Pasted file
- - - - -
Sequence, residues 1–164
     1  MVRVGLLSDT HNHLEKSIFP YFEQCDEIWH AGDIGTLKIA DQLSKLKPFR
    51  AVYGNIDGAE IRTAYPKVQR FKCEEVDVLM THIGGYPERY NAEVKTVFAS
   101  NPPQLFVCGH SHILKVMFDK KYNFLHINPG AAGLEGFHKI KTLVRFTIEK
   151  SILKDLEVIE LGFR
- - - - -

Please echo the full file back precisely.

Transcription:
Sequence, residues 1–164
     1  MVRVGLLSDT HNHLEKSIFP YFEQCDEIWH AGDIGTLKIA DQLSKLKPFR
    51  AVYGNIDGAE IRTAYPKVQR FKCEEVDVLM THIGGYPERY NAEVKTVFAS
   101  NPPQLFVCGH SHILKVMFDK KYNFLHINPG AAGLEGFHKI KTLVRFTIEK
   151  SILKDLEVIE LGFR